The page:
A fascination with theater, dance, and storytelling

Many years ago, a little girl was born in Vermont. As she grew, she loved to make up stories and act them out. She enjoyed singing, dancing, and dressing up as the characters from the stories that she and her friends created. They might be royalty in the Middle Ages, or Greek goddesses, or Vermont farmers, or female versions of the characters in The Little Rascals. Like her mother—a professional dancer—the girl liked to tell a story through movement and music.

Liza Ketchum dancing in Vermont

That’s me on the far left. I have no memory of what the dance was.

In "Ghost Train," I'm the actress seated on the chair.

In “Ghost Train,” I’m the actress seated on the chair.

In Junior High, the girl’s dramatic play turned serious. She sang the role of Mabel in Gilbert and Sullivan’s operetta, “The Pirates of Penzance,” and performed in neighborhood plays. In high school, she had the lead in an old-fashioned melodrama (“Ghost Train”) and was president of the Drama Club. She went to theater school in New York City after high school, coached kids in drama during her college summers, and dreamed of a life onstage.

Instead—and happily—she became a writer.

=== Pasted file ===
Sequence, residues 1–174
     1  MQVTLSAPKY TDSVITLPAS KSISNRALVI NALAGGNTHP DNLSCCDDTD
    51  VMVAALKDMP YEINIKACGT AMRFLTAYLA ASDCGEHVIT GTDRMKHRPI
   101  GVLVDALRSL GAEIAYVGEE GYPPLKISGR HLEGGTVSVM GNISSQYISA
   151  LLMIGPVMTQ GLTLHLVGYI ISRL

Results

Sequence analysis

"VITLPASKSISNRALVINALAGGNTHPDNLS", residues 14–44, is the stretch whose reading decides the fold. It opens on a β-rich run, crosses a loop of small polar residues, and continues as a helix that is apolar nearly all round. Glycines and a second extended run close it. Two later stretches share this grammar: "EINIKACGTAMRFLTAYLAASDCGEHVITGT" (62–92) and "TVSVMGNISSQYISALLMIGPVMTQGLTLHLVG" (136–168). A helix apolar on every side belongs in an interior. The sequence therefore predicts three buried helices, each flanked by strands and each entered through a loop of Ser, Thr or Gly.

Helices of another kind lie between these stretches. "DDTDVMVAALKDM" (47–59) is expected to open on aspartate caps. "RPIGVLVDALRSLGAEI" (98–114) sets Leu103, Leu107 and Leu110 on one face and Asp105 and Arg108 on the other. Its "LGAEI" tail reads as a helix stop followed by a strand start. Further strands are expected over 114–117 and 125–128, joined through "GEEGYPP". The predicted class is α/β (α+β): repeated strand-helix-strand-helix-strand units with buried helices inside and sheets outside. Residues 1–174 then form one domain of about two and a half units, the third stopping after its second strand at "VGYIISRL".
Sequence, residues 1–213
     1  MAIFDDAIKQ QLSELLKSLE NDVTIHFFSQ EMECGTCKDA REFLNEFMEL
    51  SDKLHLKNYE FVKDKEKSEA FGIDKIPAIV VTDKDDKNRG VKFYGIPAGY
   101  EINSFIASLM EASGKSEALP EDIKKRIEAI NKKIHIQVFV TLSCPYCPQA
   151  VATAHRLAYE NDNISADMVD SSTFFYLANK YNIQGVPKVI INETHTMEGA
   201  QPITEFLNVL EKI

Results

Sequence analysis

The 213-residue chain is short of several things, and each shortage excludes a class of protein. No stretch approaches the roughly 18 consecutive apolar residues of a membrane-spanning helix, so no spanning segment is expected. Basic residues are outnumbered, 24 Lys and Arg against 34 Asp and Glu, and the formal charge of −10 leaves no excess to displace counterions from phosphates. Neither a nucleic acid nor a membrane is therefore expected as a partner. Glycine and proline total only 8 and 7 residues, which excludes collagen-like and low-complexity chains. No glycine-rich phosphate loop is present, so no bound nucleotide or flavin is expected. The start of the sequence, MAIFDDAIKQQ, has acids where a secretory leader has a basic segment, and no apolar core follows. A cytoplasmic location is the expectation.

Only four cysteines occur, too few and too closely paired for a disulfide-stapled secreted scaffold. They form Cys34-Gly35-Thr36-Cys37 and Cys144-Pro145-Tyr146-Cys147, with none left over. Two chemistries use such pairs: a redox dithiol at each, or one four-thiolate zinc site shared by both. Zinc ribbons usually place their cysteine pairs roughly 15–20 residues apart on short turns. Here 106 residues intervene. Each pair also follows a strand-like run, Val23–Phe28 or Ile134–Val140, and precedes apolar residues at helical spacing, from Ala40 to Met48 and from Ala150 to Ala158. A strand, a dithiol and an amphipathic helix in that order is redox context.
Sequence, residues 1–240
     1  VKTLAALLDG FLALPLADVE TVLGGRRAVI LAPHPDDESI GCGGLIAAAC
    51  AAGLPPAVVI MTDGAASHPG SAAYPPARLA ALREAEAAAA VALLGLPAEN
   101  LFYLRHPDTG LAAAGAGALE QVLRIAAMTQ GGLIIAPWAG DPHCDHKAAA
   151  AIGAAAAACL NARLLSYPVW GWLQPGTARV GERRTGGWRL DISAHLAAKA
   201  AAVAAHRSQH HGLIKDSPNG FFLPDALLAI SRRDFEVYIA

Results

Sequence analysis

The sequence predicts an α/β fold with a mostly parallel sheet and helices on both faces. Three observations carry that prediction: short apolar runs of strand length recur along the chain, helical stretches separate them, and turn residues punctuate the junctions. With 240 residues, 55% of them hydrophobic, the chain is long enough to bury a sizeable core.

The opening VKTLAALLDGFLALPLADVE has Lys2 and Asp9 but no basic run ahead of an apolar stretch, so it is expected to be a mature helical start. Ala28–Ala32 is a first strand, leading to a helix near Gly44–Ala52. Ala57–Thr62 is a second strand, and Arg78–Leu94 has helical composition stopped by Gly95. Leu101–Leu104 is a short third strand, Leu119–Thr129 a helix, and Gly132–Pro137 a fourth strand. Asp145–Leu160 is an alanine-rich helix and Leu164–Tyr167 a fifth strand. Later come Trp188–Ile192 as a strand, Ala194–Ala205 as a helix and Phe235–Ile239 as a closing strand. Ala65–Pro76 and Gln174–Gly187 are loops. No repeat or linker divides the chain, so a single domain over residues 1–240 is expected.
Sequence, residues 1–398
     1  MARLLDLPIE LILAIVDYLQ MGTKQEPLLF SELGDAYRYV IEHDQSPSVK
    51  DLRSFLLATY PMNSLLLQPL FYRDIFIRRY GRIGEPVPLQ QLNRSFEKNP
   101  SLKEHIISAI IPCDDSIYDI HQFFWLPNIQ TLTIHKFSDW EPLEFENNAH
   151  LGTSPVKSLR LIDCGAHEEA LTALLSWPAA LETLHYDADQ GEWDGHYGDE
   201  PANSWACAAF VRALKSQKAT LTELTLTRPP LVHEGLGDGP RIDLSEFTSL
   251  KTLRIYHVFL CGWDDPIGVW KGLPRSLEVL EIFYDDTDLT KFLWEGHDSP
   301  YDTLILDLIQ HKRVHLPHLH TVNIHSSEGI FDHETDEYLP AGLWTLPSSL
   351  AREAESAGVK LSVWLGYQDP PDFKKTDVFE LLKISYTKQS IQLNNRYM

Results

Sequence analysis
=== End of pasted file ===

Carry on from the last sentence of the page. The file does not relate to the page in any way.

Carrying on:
How does this story relate to a novel about vaudeville, which takes place more than a century ago—when stars like Eva Tanguay, George Walker, and Bert Williams were all the rage?

Follow my blog to find out! I’ll be sharing information about the history of vaudeville, the suffrage movement, and the fight for racial and gender equality over the coming months.

Learn more about my newest book, The Life Fantastic.

Eva Tanguary, George Walker, Bert Williams

At left, Eva Tanguay, vaudeville performer. (Billy Rose Theatre Division, The New York Public Library. “Eva Tanguay” New York Public Library Digital Collections. Accessed December 5, 2016.) On the right, George Walker and Bert Williams, vaudeville performers and theater producers (public domain).

3 thoughts on “A fascination with theater, dance, and storytelling

  1. I love this post, Liza, and learning all this about you. Can’t wait for the book to come out. Meanwhile, I have all these promised tidbits to look forward to. Thank, you.

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